Recently we went to Salare, in Seattle’s Ravenna neighborhood, to celebrate our anniversary! The chef/owner Edouardo Jordan has worked at the French Laundry, the Herbfarm, Per Se, and Bar Sajor before opening his own restaurant here in 2015. He spoke with Lucky Peach about his life and experience of “Being Black in the Kitchen”. Here at Half+Half we want to use our small little platform to support restaurants owned by minorities, and it’s rare to have a black-owned fine dining restaurant–especially in Seattle, a very white city. So when we were planning on where to go out for our big date we knew it had to be Salare.
We tried to sit down and write a proper “restaurant review” but decided to do a verbal recap instead, since we only went once–therefore it wasn’t a full review where we tried the entire menu over a few trips. This is Half+Half’s first recap… be gentle! Unfortunately we recorded more than a week after we went, so it’s not as detailed as I hope our next recap is! Also our pics are from a cell phone so they’re not that fancy. An abridged transcript is below:
Miko: Ok so we’re here talking about Salare and we went there on Friday the 13th. Scary!
Justin: It was delicious though, we had drinks first but we didn’t get a picture. Do you remember yours?
M: No I don’t remember drinks very well, but I remember it was spicy and delicious.
J: Yeah you had tequila. Mine had oatmeal stout, and some herb and an egg. Very subtle. Tasted like an oatmeal cookie. Then I had a nice chianti after that. You had the riesling?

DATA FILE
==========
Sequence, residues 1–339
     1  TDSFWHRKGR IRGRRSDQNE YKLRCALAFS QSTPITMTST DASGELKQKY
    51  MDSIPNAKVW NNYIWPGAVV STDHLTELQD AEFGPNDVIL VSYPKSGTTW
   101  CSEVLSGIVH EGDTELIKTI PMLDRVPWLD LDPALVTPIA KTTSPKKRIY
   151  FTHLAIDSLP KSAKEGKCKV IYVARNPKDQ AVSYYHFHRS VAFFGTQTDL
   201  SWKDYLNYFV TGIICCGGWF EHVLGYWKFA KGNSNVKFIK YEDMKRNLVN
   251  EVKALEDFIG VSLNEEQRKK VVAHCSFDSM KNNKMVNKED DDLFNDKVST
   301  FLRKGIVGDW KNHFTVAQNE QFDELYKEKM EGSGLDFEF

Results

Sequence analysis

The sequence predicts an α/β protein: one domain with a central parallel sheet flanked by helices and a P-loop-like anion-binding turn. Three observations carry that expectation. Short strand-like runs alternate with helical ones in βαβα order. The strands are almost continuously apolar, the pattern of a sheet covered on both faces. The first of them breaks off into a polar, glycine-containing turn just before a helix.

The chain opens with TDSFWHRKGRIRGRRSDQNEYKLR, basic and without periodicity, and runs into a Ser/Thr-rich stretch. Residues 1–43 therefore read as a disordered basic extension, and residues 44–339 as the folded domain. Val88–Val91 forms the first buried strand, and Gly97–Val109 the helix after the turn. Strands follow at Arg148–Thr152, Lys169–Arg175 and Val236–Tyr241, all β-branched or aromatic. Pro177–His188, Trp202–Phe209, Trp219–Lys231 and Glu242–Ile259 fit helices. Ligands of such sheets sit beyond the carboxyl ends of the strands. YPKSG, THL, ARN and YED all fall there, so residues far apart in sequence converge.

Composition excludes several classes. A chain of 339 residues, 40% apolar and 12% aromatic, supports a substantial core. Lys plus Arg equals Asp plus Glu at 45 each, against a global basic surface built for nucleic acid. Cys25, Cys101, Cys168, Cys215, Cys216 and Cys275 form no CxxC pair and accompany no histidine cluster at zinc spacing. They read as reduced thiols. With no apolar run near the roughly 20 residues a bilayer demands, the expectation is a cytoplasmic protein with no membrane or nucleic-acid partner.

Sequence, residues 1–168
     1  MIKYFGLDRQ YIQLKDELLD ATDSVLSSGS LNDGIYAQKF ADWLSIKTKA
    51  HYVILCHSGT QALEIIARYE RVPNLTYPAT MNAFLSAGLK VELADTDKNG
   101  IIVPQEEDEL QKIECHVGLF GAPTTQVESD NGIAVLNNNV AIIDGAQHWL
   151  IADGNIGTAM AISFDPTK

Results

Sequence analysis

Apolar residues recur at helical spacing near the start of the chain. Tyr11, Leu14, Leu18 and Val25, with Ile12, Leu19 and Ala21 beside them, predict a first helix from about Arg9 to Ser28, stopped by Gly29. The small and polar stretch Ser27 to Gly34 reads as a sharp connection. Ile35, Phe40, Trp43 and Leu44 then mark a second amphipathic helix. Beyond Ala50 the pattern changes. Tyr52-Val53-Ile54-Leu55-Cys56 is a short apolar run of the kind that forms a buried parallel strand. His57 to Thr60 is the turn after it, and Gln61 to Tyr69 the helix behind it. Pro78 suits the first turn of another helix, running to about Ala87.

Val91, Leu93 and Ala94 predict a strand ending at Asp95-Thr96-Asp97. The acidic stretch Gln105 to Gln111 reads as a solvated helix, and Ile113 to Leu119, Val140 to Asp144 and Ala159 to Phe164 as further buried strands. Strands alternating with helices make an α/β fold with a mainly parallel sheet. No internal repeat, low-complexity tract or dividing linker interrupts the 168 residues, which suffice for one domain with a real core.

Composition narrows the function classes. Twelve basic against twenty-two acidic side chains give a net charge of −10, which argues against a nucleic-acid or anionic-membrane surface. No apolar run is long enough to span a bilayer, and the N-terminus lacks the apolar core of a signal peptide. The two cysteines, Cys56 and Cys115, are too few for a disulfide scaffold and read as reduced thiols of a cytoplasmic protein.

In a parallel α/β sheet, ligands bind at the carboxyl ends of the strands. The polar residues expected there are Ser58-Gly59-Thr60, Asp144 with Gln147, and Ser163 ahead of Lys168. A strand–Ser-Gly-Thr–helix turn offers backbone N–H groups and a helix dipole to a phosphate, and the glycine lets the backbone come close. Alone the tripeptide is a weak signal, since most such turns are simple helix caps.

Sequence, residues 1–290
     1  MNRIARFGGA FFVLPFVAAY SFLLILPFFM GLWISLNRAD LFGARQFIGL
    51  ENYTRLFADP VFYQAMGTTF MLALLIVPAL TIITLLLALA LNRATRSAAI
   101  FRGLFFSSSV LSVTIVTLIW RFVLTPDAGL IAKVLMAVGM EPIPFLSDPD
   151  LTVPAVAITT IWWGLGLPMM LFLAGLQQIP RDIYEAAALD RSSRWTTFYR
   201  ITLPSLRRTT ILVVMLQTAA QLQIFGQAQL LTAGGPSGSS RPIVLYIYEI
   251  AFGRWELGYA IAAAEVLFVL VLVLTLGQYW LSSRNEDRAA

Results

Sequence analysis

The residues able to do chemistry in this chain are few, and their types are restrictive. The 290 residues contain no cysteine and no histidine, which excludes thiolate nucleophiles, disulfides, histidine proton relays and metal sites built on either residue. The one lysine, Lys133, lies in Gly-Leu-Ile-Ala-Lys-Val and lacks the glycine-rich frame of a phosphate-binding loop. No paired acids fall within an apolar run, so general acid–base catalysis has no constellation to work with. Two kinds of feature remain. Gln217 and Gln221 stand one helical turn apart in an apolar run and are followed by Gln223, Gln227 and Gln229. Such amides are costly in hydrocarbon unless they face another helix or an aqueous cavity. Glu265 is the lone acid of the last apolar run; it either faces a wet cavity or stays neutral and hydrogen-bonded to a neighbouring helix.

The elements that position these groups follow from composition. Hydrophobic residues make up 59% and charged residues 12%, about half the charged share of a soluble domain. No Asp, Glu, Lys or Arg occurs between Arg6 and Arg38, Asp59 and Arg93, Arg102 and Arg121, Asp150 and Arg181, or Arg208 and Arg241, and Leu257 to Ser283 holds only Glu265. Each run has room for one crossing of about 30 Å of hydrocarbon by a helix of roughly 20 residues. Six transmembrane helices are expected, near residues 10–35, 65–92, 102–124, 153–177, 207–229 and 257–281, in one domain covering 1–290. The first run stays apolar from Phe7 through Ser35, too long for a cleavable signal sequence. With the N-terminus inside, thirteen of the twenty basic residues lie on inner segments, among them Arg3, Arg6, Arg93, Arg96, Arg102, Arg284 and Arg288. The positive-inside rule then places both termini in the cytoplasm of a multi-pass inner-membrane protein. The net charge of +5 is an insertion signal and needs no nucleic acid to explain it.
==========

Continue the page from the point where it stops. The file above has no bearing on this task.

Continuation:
M: No, I had something else. I don’t remember which wine, I’m terrible at remembering which wine I have…
J: *Looks up drink menu online* Oh I had the Oatmeal Flip, with Amaro Montenegro, oatmeal stout, and an egg
M: And I had the Piperita! With tequila, brine, sherry, Calabrian chili, and lemon. I really like spicy cocktails.
M: We did have some really tasty food though, we got one of each course! The menu is laid out with appetizers, vegetables, pastas, and mains. So we got one of each to split between us, family style. We started with the Cracklin’, Smoked Chili Vinegar & Lentils for an appetizer.
J: I liked it! I thought it was really good. That was what we started with. What I really liked was the lentils. They were really tasty. I feel like, ‘cause whenever I cook them it’s just a mess and they’re really hard pebbles, but these were nice and soft with a good texture and really nice sauce, what it was cooked in. The cracklin was awesome! Like a big crunchy potato chip
M:Yes, a crunchy, fatty, pork potato chip. Haha
J: There’s nothing wrong with that. You know the way to a Filipina’s heart is with pork haha.
M: IT’S TRUE! Yeah we saw it on the menu and were immediately like, yes we are ordering this.
M: Then we got the Carrots, that were with panisse, buckwheat groats, sultanas & herb salad. I had to ask the waitress what a lot of those things were. Panisse is apparently a chickpea cake…
J: Yeah, like a polenta cake, but with chickpeas.
M: Yeah, yeah.
J: A little bit of a chewy texture, probably fried. Or double fried on the outside. Yeah it was like delicious french fries.
M: It definitely was like a big fat french fry. And then the carrots underneath were just really really nice. Very very tender. Which, I can never get my carrots to do at home, even just making a carrot super tender is very impressive to me, haha.
J: It was nice though, the carrots were on the sweet side. It had potatoes?
M: No, you’re way off. It had groats.
J: Groats! I’d never had groats before. They were not groat-ey. Grody.
J: HA… that’s all I got.
M: The transcript will be like *miko walks out of room in embarrassment*
J: It was good though, with an herb salad. A very balanced dish.